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January 14, 2011 - Image 2

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2 - Friday, January 14, 2011

The Michigan Daily - michigandaily.com

2 - Friday, January14, 2011 The Michigan Daily - michigandailycom

In Other Ivory Towers Questions on Campus Professor Profiles
TOP LEFT Michigan Athletic
Director Dave Brandon at a pressT
conference Wednesday, Jan. 12,
2b11. Brandon used the confer-
ence'to announce the hiring of
hew head football coach Brady
Hoke, who was the previous head
coach at San Diego State Univer-
sity. Brandon's announcement
came one week after former
coach Rich Rodriguez was fired.
BOTTOM LEFT Five-year-old
twins Johnathon and Ashton
Gaden came to the University's
Natural History Museum on
Thursday, Jan. 13, 2011 to see the
dinosaurs exhibit. (ERIN KIRK-
RIGHT Sophomore guard Darius.
Morris (4) plays against Ohio,
State at Crisler Arena on Wednes-
day, Jan. 12, 2011. Michigan lost
the game 68-64. (JAKE FROMM/

Campus Clubs

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BB gun damages Pissed drunk Memorial lecture
window years ago WHERE: Mary Markley WHAT: Civil rights activist
Residence Hall Shirley Sherrod will deliver
WHERE: Oxford Housing WHEN: Thursday at about the keynote address at the
WHEN: Wednesday at about 3 a.m. University's 25th annual
10 p.m. WHAT: A University under- MLK Symposium. Her
WHAT: Staff noticed dam- graduate student was arrested lecture will commemorate
age to a window in Goddard for possession of alcohol, the life and work of Dr.
House, University Police University Police reported. A Martin Luther King, Jr.
reported. The damage complaint was filed after he WHO: Office of Academic
appeared to be from a BB gun. was observed urinating in the Multicultural initiatives
'rhere are no suspects at this hallway. WHEN: Monday, Jan. 17 at
time because the damage was 10 a.m.
likely incurred years ago. Exit sign stolen WHERE: Hill Auditorium
Students arrested from West Quad .e
for marijuana WHERE: West Quadrangle prormanc
Residence Hall p ror a c
WHERE: Vera Baits t1 Resi- WHEN: Wednesday at about
Oence Hall 10 a.m- WHAT: Performing art-
WHEN: Wednesday at about WHAT: An interior exit sign ist Laurie Anderson will
12:30 a.m. was stolen from the second combine music, technol-
WHAT: Two students were floor of Lloyd House, University ogy, visuals and storytell-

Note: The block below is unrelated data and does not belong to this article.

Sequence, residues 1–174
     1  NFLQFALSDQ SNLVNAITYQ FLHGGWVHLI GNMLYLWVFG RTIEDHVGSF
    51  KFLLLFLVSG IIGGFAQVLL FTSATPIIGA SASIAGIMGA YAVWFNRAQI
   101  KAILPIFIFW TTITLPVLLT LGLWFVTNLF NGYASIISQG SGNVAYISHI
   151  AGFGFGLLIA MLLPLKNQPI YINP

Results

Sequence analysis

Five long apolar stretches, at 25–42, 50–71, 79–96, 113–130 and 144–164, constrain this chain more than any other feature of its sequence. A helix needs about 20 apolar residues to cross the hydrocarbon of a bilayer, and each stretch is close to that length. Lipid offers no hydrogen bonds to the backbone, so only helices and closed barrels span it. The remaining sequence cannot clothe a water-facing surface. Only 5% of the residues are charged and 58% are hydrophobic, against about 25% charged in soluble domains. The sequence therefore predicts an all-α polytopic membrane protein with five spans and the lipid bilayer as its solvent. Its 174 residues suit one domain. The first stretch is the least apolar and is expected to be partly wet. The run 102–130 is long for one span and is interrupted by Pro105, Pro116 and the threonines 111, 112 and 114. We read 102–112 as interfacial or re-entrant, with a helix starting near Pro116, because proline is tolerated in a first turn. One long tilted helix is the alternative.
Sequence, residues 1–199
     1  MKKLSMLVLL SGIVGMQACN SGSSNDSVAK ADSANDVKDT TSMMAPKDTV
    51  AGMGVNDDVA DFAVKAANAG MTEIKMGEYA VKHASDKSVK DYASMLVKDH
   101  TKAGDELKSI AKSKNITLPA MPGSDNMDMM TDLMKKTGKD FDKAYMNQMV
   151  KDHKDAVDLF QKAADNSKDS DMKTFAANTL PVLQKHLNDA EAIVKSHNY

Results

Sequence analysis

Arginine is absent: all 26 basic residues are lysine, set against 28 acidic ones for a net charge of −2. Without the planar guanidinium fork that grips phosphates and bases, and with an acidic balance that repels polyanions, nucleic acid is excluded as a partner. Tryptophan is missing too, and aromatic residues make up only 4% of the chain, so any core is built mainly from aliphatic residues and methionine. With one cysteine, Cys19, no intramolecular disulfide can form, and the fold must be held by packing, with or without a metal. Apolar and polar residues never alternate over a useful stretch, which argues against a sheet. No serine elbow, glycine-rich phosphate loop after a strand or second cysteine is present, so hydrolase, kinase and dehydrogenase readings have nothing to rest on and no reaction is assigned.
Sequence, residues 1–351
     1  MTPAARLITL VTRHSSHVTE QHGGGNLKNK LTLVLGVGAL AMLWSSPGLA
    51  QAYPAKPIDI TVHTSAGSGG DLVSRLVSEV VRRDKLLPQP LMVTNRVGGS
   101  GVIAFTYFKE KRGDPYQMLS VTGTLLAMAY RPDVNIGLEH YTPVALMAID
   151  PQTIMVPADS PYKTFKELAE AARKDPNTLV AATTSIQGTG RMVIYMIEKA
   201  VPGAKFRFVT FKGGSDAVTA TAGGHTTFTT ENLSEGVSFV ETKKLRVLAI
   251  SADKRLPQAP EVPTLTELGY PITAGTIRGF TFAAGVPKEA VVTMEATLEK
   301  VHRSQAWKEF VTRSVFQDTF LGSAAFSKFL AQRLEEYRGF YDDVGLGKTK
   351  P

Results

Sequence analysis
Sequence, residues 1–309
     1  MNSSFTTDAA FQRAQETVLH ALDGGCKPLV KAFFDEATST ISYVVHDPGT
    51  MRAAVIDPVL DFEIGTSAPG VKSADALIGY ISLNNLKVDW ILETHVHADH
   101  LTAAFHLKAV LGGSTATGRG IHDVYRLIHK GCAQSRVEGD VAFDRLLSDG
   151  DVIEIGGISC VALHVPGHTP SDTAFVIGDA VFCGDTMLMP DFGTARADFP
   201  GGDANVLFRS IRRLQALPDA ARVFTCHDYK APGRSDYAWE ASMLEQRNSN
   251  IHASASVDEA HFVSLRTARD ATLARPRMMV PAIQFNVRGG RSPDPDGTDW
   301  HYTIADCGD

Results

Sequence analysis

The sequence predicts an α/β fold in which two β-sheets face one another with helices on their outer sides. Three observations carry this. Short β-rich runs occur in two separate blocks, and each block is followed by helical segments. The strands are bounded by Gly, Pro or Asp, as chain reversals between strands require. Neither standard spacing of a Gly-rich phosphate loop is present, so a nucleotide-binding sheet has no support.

arrested for possession of Police reported. The sign has ing in her new multimedia
narijuana in Conger House, not yet been recovered, and work "Delusion."
University police reported. there are currently no suspects. WHO: University Musical
MORE ONLINE WHEN: Today at 8 p.m.
Love Crime Notes? Get more online atmichigandaily.com/blogs/The Wire WHERE: The Power Center
for the Performing Arts

Drawing class
WHAT: A drawing class
to teach fundamentals of
art, including proportion,
perspective and
composition. The drop-
in session cost is $10.
WHO: Ann Arbor Art Center
WHEN: Today at 11 a.m.
WHERE: University of
Michigan Museum of Art
WHAT: CAPS is offering
a seminar on relaxation
as part of their student
mental health resources.
WHO: Counseling and
Psychological Services
WHEN: Today at 12:15 p.m.
WHERE: Michigan
Union, room 3100
. Please report any
error in the Daily to

Astronomers have recal-
culated the dates for the
12 zodiac signs and added
one more, called Ophiuchus,
The Huffington Post reported.
The signs changed because of
changes in the Earth's align-
Ann Arbor's second annu-
al Restaurant Week starts
on Sunday. Lunch and
dinner specials will be offered
at 41 restaurants in the city.
Archaeologists have dis-
covered a sword casing
thought to have belonged
to the notoriously feared
pirate Blackbeard, National
Geographic reported. The cas-
ing was found in the wreckage
of Blackbeard's Queen Anne's
Revenge ship in North Caro-

rI. As unemployment apps.
n p rse, stock market dips

Report: First-time
applications for
benefits up by 35,000
NEW YORK (AP) - Stocks
dipped yesterday after a report
found that more people applied for
unemploymentbenefits last week.
The Labor Department said
first-time applications for unem-
ploymentbenefits rose 35,000 from
the week before to 445,000. It was
the highest level since October and
above what economists had pre-
"It was a disappointingnumber,"
said Kim Caughey Forrest, an ana-
lyst at Fort Pitt Capital.
Merck & Co. fell 6.6 percent to
$34.69 after announcing that clini-
cal trials of its cardiovascular drug
vorapaxar would be discontinued
for some patients. Merck fell the

most among the 30 stocks that
make up the Dow Jones industrial
average. Home Depot Inc., which
gained 1.3 percent, led the index.
The Dow fell 23 points, or 0.2
percent, to 11,731.9. The Standard
and Poor's 500lost2,or0.2percent,
to 1,283.76. The Nasdaq composite
lost 2, or 0.1 percent, to 2,735.29.
Losses were spread across the
market. Seven of the 10 company
groups that make up the S&P 500
fell. Materials companies had the
largest move, falling0.8 percent.
Whole Foods Market Inc.
jumped 4.6 percent to $52.31 after
an analyst said that the company's
shares would continue to rise
because its customers are willing
to pay higher costs for food. The
company is up nearly 80 percent
over the last year.
The Labor Department also
reported yesterday that wholesale
prices in December rose by the
largest amount in nearly a year, as
a result of higher energy and food

costs. Most other prices rose only
slightly, suggesting inflation isn't
spreading through the economy.
A decline in the dollar helped
limit stock losses. The dollar lost1.1
percent against an index of six cur-
rencies after successful bond auc-
tions by Spain and Italy pushed the
euro higher. The dollar's slide helps
U.S. companies that rely on exports
by making their prices more com-
petitive overseas.
After the market closed, Intel
Corp. reported that its income rose
48 percent last quarter. That easily
beat analyst estimates.
Bond prices rose, pushing their
yields lower. The yield on the
10-year Treasury note fell to 3.30
percent from 3.35 percent late
Wednesday. That yield is used to
set interest rates on many kinds of